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Edgar DeYoe, Jed Mathis, John Ulmer, Wade Mueller; Resting State Functional-Connectivity Mapping of Putative Visual Cortex in a Blind Patient. Journal of Vision 2012;12(9):1304. doi: 10.1167/12.9.1304.
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© ARVO (1962-2015); The Authors (2016-present)
fMRI signals in visual cortex of human subjects instructed to lie quietly with eyes open (or closed) contain spontaneous, low frequency, fluctuations that are temporally correlated within and across visual areas. Clinically, such functional connectivity MRI (fcMRI) could be particularly advantageous for pre-surgical mapping of viable cortex near a tumor site especially if conventional stimulus-driven mapping cannot be used. Here we report a unique case study of a 26 y/o female who suffered from a large intraventricular mass causing acquired functional blindness but with a preserved fcMRI map of visual cortex. Initially, the patient underwent conventional BOLD fMRI on a 3 Tesla MRI scanner with eyes open and directed toward a back-projection screen displaying a flashing, black and white checkerboard extending from the center of gaze to approximately 20 degrees eccentricity, alternating every 20 sec. with a uniform gray field. The patient could not fixate but was able to look in the direction of the screen so that at least the central portion of the retina was consistently exposed to the stimulus. Nevertheless, visually responsive voxels in the brain were absent. For fcMRI, the patient lay quietly with eyes open but directed toward the uniform gray screen which was on continuously during the 5 min scan. Independent component analysis using MELODIC (FSL) software revealed 3 components containing activation confined to portions of occipito-parietal cortex that, in healthy individuals, are associated with striate and extrastriate visual areas. Overall, the patient’s fcMRI patterns matched those of a healthy control imaged and analyzed in an identical manner and those of a cohort of 1414 individuals reported by Biswal et al., 2010 (IC’s 01-03). This case demonstrates that fcMRI patterns can remain at least qualitatively intact in the presence of pathology sufficient to block visually driven cortical activity and to cause functional blindness.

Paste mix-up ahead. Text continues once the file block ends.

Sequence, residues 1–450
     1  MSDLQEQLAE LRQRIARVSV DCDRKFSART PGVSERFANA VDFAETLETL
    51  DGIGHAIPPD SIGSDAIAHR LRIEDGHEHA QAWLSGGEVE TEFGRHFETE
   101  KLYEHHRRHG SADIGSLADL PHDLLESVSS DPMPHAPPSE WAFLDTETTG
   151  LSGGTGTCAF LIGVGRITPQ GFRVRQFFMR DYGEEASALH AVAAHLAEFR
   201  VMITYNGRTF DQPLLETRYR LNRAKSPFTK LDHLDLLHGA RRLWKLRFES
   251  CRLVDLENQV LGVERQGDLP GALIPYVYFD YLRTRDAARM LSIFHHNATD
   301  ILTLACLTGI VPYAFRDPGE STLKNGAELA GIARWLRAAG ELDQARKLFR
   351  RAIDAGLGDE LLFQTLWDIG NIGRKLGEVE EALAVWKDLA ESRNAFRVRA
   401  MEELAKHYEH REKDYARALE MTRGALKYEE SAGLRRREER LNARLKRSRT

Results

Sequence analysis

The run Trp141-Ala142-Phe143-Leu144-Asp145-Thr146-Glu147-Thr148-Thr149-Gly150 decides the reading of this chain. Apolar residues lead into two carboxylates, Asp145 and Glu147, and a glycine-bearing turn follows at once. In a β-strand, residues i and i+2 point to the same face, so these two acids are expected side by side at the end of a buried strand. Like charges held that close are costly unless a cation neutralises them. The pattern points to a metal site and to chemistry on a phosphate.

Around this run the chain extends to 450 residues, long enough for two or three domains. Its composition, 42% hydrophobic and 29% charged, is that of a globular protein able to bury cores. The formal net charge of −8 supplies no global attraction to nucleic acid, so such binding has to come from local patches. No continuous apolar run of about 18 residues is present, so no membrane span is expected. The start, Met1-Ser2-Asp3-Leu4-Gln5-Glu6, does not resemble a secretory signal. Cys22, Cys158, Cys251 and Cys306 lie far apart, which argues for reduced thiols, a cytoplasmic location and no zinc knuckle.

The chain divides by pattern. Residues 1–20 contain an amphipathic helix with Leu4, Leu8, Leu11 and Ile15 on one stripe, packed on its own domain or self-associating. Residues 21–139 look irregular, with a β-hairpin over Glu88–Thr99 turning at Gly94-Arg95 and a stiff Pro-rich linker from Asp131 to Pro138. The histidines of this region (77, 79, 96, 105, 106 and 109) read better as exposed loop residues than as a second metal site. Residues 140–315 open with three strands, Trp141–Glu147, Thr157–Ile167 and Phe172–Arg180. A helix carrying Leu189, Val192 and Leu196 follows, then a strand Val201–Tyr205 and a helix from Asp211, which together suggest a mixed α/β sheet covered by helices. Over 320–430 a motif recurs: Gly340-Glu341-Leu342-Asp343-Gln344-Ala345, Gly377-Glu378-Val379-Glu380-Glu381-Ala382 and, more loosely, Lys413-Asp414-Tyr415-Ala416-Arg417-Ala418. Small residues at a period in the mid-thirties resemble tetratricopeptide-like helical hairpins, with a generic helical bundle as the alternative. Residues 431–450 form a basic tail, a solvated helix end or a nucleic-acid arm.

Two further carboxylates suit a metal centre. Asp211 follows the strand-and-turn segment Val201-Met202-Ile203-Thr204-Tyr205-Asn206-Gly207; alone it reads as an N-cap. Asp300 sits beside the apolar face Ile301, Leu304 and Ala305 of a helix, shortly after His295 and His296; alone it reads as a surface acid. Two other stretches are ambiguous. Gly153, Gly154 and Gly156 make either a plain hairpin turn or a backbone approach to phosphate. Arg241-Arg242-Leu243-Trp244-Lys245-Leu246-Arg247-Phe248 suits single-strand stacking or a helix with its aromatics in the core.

Meeting abstract presented at VSS 2012
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